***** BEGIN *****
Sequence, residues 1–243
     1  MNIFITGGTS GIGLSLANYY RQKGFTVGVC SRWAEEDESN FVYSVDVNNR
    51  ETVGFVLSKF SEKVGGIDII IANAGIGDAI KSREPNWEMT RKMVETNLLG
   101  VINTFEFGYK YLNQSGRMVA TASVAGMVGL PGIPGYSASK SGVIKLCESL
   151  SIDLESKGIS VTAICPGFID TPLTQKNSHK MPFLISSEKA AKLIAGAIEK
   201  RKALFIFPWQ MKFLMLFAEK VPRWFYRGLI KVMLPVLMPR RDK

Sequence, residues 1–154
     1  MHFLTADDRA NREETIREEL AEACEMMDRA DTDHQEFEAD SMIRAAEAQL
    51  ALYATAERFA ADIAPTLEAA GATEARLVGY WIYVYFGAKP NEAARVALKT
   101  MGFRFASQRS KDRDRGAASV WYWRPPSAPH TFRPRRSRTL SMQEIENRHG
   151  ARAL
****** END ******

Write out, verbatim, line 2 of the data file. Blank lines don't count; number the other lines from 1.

     1  MNIFITGGTS GIGLSLANYY RQKGFTVGVC SRWAEEDESN FVYSVDVNNR